From its humble origins as a soda fountain in 1930s Saint Paul, Green Mill Restaurant and Bar has grown into a franchise with more than 28 locations all over Minnesota and the Midwest. As TV screens blast sports news in the background, patrons at each eatery dine on a menu of classic American and pizzeria fare. Thick, hand-pressed burgers form bunned towers with hefty toppings such as smoked bacon, haystack onions, and chipotle mayo. Families looking to bond can practice fractions on regular, deep-dish, or thin and crispy pizzas or group juggling acts with samplers of 27 juicy wings. In addition to pastas and salads, each location's bar carries a varied drink menu that includes draft beers such as Blue Moon and Samuel Adams alongside wine, martinis, and margaritas.
bd's Mongolian Grill combines do-it-yourself dining with the communal experience of collaboratively yanking out a giant radish that’s blocking the town's water supply. Guests can create their own stir-fry meal in one bowl for lunch ($7.99 for vegetarian, $8.99 for meat and seafood, $9.99 for stir-fry with soup and salad, and $12.99 for unlimited stir-fry with soup and salad) or dinner ($10.99 for vegetarian, $12.99 for meat and seafood, and $14.99 for unlimited stir-fry; all stir-fry dinners include complimentary access to the soup and salad bar). Choose from myriad meats, a variety of vegetables, a smorgasbord of sauces, and a slew of spices. Pair chicken with bean sprouts and pineapple in a stir-fry you'll deem the "Chicken with Bean Sprouts and Pineapple," or combine calamari with egg, peppers, peanut sauce, and chili powder for a meal you'll name after yourself—the "Peter Fonda." With ingredients assembled, guests will pass their stir-fry bowls on to bd's Mongolian Grill's expert grillers, who will give the appetizing assortment a trial by fire on the restaurant's large, flat grill. After the sustenance ceases to sizzle, diners are free to take their customized cuisine back to the table, where they can determine their prowess in patchworking together palate-pleasers and inflating their own egos with compliments to themselves.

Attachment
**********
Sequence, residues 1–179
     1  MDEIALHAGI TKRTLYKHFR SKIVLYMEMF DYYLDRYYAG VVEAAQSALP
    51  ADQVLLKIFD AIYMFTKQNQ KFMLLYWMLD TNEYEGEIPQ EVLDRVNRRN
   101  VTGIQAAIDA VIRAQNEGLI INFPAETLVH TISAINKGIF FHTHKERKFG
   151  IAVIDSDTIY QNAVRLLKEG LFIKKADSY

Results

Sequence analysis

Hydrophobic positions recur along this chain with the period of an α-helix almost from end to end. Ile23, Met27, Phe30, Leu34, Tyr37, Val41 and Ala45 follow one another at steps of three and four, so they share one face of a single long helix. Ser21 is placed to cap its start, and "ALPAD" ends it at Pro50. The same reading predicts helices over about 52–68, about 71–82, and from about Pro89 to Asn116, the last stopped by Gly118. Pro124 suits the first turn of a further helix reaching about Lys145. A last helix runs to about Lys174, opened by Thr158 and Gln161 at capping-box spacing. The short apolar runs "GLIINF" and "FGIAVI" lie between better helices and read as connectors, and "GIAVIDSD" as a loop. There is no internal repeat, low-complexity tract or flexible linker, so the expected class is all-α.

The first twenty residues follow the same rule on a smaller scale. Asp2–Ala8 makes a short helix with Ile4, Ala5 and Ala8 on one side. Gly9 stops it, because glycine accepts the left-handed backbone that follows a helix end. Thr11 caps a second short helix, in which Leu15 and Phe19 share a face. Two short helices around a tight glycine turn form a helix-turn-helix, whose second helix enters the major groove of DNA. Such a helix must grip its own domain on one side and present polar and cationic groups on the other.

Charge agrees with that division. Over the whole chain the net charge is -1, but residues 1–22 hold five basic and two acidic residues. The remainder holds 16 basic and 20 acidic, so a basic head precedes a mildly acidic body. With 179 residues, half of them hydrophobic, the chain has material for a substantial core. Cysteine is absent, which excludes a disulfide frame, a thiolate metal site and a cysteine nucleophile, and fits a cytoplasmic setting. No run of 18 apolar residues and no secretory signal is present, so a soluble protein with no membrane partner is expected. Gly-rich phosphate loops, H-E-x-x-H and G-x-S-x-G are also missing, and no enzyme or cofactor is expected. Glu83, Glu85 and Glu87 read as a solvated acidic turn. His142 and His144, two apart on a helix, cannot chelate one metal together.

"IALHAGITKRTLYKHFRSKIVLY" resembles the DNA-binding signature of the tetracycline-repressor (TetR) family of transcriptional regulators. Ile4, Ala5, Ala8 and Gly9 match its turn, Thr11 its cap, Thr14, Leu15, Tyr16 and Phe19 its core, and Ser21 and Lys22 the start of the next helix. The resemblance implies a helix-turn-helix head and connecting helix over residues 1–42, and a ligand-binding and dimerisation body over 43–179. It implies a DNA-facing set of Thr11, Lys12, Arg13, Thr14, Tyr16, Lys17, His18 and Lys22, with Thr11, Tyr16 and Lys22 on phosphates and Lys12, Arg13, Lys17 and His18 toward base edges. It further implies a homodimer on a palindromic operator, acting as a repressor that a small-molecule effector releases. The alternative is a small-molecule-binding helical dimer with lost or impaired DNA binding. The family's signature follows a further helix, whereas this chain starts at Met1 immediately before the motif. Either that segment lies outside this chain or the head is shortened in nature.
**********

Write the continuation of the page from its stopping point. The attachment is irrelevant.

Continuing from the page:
Originally opened as the Top Hat Drive-In in 1953, Sonic has grown into a burger-franchise mecca that today operates out of 3,500 locations across the country, making it the nation’s largest chain of drive-in restaurants. Sonic specializes in made-to-order American classics—including burgers, hot dogs, milk shakes, and marshmallow Ford Thunderbolts—which customers order and receive without ever having to leave their cars. Unique menu items include toaster sandwiches stacked on thick slices of texas toast, as well as the brand’s signature tots and fresh limeades.
Sonic’s numerous awards include a 2011 Zagat survey ranking it among the top five fast-food restaurants in three categories: Best Value Menu, Best Milk Shake, and Best Drive-Thru. The benevolent eatery has also donated more than $2 million to public schools throughout the country through their program Limeades for Learning, which helps to fund educational projects and retirement plans for classroom guinea pigs.
Chez Daniel executive chef Wilver Sanchez interprets the cuisine of France with an eye for artful presentation, simple and fresh ingredients, and a creative sensibility. Attentive servers welcome diners with appetizing small plates, covering nude tables with plump escargot baked in garlic butter and house-smoked salmon toast. Lobster ravioli is tossed with sautéed mushrooms before making a dazzling midmeal entrance in a mantle of roasted artichokes and lobster-tarragon sauce, while filet mignon is served with potatoes and a classic béarnaise sauce. During lunch, a more casual midday menu features sandwiches such as an open-faced beef-tenderloin sandwich with cambozola-cheese fondue, and plates heaped with chicken fettuccine. Chez Daniel also features a list of weekly specials. The dining room's exposed-brick, lofty archways, and elaborately adorned tables entice customers with an atmosphere as elegant as a tablecloth woven from Charlemagne’s beard.
Bloomington ChopHouse’s dinner menu of fresh seafoody and steaky sustenance satisfies the choosiest carnivores. Explore hors d’oeuvres with a swanky shrimp cocktail ($14) or some portobellos and shiitakes with balsamic vinegar and micro greens ($9). Post appetite whetting, intake a lobster bisque (with aged sherry and tarragon, $8) or scarf the Wedge ($7), a ChopHouse salad of iceberg lettuce with tomatoes, chives, and eggs and topped with buttermilk-roquefort dressing. Move on to meat with an 18 oz. rib-eye steak ($38), a 16 oz. Berkshire pork chop ($28), or the sautéed sea bass with sun-dried tomato and basil pesto ($32). ChopHouse also has an ample list of grapey gladness to unclog any mouth drain.